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Chaos as we generally understand it has nothing
to do with the mathematical concept of **chaos**.

A typical example of chaos in a seemingly deterministic system (a system where cause and effect but not arbitrariness play a role) is developments on the stock exchange, changes the weather, a sudden traffic jam or the behaviour of quantum particles in physics.

Mathematical chaos describes complex dynamic systems. These time dependent systems often behave quite sensitively and visibly chaotically to the degree that they are unforeseeable; this though while the individual components of the system are subject to explicit and natural laws.

Since the 1970s, mathematics began to study
chaotic systems. Non-linear equations serve to make computations in such
systems. An important process when making such calculations is the fact that
certain computational procedures continually repeat themselves, where the
attained value is inserted into the original value in the same equation and the
result of the equation used once again… Something similar to if we had to
extract the root of 16, then 4, and then once again 2… This repeated use of the
result as the original value in a certain computational procedure is referred to
as **iteration. **

The physicist Mitchell Feigenbaum discovered
definite similarities between the patterns and structures of systems inclined
towards chaos and derived from it certain quantities which he called **
Feigenbaum’s constants** :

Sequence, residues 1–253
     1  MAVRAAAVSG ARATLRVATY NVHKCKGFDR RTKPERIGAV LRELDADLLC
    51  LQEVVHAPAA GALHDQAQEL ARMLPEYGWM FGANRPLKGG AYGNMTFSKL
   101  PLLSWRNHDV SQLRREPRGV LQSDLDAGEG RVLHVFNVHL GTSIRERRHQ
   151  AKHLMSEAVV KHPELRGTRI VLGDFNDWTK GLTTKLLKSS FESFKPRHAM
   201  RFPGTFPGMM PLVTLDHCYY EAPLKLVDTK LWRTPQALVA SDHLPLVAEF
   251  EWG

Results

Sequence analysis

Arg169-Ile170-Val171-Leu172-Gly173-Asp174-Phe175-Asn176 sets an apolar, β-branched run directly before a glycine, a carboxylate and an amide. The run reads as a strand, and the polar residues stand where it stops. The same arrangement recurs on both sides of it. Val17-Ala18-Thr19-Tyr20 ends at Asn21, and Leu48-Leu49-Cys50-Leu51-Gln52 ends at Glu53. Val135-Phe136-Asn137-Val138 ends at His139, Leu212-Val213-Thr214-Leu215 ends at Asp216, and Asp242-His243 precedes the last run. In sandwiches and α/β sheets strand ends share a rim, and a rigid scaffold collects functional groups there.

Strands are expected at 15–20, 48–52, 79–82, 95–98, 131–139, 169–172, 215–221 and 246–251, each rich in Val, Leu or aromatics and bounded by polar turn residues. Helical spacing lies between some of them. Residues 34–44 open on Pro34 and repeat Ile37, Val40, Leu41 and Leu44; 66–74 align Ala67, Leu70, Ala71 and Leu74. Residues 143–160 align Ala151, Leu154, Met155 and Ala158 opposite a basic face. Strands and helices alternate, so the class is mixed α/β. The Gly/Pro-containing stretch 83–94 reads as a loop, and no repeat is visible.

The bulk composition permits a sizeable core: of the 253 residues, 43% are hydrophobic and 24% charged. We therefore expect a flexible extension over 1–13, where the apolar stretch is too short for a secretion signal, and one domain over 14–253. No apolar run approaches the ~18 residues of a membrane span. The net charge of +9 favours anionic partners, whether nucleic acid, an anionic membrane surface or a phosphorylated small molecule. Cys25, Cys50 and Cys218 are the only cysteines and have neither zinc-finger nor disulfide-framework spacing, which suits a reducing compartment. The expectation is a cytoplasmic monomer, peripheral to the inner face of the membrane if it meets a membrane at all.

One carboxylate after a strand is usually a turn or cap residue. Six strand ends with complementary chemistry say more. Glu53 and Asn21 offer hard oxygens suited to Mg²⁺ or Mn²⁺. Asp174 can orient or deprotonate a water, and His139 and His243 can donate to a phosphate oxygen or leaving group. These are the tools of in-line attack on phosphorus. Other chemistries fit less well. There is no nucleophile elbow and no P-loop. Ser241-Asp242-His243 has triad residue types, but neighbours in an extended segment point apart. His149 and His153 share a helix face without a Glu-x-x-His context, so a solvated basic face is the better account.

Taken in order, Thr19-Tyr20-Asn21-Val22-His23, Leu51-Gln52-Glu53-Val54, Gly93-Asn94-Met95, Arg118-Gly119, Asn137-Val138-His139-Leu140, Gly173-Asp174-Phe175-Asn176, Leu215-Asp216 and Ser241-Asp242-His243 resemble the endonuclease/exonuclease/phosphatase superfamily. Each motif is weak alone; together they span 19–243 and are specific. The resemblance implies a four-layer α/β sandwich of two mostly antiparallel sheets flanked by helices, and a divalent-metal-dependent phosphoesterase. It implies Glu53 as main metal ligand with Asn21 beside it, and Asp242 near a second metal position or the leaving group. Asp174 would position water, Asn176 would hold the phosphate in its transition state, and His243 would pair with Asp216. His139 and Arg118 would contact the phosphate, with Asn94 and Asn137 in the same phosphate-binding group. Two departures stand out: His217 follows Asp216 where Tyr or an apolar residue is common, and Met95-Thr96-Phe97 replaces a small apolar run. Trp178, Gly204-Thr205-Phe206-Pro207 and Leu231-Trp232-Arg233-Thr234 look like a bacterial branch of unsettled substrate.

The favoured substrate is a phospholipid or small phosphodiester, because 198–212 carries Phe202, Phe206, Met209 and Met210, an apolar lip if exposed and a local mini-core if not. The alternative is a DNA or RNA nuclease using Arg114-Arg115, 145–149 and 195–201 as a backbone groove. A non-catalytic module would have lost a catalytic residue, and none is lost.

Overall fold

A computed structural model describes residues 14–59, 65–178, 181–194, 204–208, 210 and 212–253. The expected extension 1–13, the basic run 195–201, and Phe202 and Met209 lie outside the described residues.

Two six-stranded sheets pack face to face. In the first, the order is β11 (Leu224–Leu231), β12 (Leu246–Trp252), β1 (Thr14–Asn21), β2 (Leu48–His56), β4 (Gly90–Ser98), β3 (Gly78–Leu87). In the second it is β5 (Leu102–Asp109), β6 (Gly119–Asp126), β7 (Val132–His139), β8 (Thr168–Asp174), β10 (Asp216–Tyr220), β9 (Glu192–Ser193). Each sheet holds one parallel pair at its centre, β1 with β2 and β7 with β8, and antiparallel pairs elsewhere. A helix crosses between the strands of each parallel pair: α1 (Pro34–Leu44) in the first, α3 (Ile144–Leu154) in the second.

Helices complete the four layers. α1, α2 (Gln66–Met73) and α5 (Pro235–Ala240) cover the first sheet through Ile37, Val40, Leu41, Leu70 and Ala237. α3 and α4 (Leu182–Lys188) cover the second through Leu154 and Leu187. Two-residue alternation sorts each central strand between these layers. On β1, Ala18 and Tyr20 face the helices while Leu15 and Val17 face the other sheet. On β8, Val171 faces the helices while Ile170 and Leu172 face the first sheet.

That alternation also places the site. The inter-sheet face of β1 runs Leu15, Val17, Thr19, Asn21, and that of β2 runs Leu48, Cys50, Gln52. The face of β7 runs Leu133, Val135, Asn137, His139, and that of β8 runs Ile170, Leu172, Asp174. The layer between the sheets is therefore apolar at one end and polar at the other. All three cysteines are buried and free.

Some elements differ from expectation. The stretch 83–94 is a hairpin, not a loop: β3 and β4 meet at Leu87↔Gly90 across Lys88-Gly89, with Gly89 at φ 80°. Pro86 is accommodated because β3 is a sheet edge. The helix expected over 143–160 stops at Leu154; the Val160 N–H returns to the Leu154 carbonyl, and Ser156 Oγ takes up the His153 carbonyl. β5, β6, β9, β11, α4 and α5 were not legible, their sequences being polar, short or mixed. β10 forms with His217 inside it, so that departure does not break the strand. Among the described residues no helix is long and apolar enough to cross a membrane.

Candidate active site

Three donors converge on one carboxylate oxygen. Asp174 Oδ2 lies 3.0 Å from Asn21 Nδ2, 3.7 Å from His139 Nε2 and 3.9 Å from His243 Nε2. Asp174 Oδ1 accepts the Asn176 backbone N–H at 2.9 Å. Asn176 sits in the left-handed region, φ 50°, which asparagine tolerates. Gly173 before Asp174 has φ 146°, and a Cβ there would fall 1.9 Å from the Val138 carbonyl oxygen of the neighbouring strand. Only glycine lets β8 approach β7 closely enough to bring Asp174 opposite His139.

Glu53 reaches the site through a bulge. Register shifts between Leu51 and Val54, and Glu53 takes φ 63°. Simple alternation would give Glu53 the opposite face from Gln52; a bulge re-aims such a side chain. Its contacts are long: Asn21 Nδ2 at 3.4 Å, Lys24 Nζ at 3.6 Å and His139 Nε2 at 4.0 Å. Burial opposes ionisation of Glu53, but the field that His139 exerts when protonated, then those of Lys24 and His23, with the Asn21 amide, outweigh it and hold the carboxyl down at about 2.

If we take a look at Feigenbaum’s diagram, we
can recognise definite and continually repeating types of tree branches, which
we refer to as **bifurcation** and which can be calculated with a computer.

There are three characteristics of chaotic systems:

Sensitivity

Chaotic systems react very sensitively to original values. In short, one can say that the waving of a butterfly’s wings is sufficient to fundamentally change a dynamic weather system. Small initial causes can have extreme effects.

Periodicity

A dynamic system shows similar behaviour in defined time periods. An example of this could be rings of a cigarette smoke.

Mixing

A dynamic system is not convergent and its iteration apparently fulfils an entire set of values. Such a system does not show any periodicity (refer above).

The graphical depiction of complex structures
shows the same forms in detail as is evident on a larger scale. This
characteristic is referred to as **self-similarity** and an example of which
is the individual heads of a cauliflower or the branches of a tree. This
repeated structure is referred to as **fractals.
**

A **Sierpinsk triangle **is a simple example.
In the centre of an equilateral triangle, another equilateral triangle is drawn
such that the larger triangle is divided into four smaller triangles. The
central triangle is then cut out and the same is done to the remaining three
triangles as was done to the first one, this procedure repeating itself. This
gives us a final drawing whose circumference is unlimited in length and which
has an unlimited number of vertexes. The resulting curve though cannot be
calculated using infinitesimal calculation.

When the French mathematician Gaston Julia studied the rational function

x = x2
+* i*

where x is a complex number and i an imaginary one

he obtained a function which, after attaining a certain value, produced an unpredictably chaotic value. In this way, he obtained self-similar values which were called, after him, Julia’s values.

Based on Julia’s values, Benoit Mandelbrot created a computer program which was supposed to graphically describe this and which made him famous. The values which were a basis for this were called Mandelbrot’s values.

We can repeatedly find the shape of fractals in many geographic and biological shapes. Clouds, mountains and shorelines often have similar, general characteristics.

Fractals play an important role in computer graphics and are used, for example, to compress video games.

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